“I don’t expect a recovery in China for us for some time, significant time probably,” Mr. Fogel said.
Those effects, however, are likely to be muted. Even if the economic picture darkens, the American and Chinese banking systems are separate enough to insulate U.S. institutions and investors, aside from the few who might have invested in property developers like Evergrande or Country Garden.
“There aren’t realistic channels for financial contagion from China to the U.S.,” Dr. Setser said. While China’s central bank may hold off on buying U.S. Treasury bonds, he noted, any impact on the overall market could be contained. “There’s no real scenario where China disrupts the bond market in a way that the Fed cannot offset.”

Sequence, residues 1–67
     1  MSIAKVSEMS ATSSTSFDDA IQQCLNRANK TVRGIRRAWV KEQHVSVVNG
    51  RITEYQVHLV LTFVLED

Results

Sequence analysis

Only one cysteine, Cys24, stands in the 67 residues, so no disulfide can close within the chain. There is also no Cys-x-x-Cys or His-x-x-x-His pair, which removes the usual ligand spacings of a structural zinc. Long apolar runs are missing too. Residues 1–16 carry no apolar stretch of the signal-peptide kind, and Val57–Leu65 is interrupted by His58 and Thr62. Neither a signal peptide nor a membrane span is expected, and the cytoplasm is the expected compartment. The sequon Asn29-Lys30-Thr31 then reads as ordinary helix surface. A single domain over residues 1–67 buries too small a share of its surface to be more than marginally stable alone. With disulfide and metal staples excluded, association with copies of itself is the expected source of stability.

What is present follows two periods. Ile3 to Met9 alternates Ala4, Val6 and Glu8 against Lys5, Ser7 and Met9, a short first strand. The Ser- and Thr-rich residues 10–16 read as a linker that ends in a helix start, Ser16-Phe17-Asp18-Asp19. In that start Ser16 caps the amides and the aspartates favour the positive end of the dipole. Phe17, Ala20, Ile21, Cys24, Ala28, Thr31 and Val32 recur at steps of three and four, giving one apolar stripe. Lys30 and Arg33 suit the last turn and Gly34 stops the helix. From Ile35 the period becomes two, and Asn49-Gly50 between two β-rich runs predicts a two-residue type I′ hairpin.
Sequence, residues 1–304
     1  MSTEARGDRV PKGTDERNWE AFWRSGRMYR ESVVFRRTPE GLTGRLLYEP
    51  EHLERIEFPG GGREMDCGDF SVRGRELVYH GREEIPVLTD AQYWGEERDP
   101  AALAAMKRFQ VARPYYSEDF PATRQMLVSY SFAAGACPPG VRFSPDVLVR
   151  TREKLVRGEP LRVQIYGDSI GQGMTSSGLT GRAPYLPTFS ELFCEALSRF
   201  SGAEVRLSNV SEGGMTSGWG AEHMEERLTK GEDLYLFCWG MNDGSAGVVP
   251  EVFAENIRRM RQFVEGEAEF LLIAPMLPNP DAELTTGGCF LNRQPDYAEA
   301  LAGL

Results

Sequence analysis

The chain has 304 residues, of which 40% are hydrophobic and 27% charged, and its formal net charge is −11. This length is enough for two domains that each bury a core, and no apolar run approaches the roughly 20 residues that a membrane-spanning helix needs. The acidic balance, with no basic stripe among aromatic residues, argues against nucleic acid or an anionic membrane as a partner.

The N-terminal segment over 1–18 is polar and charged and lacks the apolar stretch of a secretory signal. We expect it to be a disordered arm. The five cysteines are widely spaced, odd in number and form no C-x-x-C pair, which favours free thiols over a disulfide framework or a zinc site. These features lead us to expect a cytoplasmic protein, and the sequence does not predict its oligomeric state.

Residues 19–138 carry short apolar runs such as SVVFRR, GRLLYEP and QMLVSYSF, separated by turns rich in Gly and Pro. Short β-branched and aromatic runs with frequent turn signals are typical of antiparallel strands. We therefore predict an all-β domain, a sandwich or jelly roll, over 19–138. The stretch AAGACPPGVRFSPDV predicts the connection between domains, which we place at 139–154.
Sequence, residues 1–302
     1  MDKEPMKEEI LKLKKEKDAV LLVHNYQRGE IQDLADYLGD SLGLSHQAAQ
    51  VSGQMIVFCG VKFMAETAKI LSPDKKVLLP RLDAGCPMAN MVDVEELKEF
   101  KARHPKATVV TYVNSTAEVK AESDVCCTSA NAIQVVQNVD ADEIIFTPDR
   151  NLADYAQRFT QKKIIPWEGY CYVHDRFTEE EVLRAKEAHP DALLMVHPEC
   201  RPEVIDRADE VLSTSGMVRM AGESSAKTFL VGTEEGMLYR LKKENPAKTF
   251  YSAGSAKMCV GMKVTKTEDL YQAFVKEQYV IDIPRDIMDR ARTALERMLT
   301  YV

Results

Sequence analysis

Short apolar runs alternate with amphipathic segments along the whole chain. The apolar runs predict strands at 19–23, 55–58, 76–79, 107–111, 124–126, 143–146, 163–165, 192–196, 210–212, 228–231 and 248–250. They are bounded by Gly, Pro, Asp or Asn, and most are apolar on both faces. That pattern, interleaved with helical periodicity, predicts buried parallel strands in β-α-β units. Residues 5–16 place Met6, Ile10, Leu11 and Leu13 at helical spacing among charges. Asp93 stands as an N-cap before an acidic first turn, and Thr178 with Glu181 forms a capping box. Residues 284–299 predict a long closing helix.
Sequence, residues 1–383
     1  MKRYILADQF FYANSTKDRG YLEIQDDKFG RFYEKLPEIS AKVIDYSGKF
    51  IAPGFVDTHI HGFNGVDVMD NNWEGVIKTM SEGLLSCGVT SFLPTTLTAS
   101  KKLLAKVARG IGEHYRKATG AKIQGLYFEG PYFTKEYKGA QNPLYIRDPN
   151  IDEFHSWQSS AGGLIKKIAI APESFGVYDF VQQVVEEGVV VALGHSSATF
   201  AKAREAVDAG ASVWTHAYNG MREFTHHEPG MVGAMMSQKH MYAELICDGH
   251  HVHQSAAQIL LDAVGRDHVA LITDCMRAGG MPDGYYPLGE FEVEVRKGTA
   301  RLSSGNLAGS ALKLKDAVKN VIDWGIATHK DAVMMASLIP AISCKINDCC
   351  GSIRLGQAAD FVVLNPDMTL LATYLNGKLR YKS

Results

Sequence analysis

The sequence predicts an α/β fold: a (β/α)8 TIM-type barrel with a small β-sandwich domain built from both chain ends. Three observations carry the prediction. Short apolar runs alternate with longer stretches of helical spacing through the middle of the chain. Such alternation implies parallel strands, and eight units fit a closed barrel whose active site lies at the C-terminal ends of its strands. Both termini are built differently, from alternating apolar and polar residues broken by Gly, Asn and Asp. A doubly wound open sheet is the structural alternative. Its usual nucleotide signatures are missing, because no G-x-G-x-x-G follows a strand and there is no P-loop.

On the contrary, there may be some upside for American companies if Chinese investors, lacking domestic opportunities, move more of their money into the United States. China’s direct investment in U.S. assets is relatively low and could face new obstacles as states seek to erect barriers to Chinese purchases of U.S. real estate and commercial enterprises. But places that welcome it could benefit.
“Given that the U.S. seems to be doing relatively well, you could have money coming to the U.S., both in search of higher yield and in search of safety,” said Eswar Prasad, a professor of trade policy at Cornell University.